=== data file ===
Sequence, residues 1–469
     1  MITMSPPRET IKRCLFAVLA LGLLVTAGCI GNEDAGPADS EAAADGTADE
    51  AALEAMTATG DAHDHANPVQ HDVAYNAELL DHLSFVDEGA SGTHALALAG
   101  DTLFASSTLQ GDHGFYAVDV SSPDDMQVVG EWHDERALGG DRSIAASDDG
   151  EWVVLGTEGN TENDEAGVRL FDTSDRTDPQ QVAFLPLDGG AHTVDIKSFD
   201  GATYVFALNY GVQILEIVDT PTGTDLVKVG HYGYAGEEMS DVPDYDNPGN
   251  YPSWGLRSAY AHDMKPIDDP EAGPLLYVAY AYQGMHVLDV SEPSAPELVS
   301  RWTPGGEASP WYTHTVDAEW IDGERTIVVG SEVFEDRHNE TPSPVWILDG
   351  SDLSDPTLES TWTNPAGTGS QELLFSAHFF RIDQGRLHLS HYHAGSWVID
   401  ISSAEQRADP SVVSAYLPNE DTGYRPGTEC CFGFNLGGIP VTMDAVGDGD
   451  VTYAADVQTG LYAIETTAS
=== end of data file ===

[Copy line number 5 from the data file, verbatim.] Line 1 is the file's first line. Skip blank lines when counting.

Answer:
   151  EWVVLGTEGN TENDEAGVRL FDTSDRTDPQ QVAFLPLDGG AHTVDIKSFD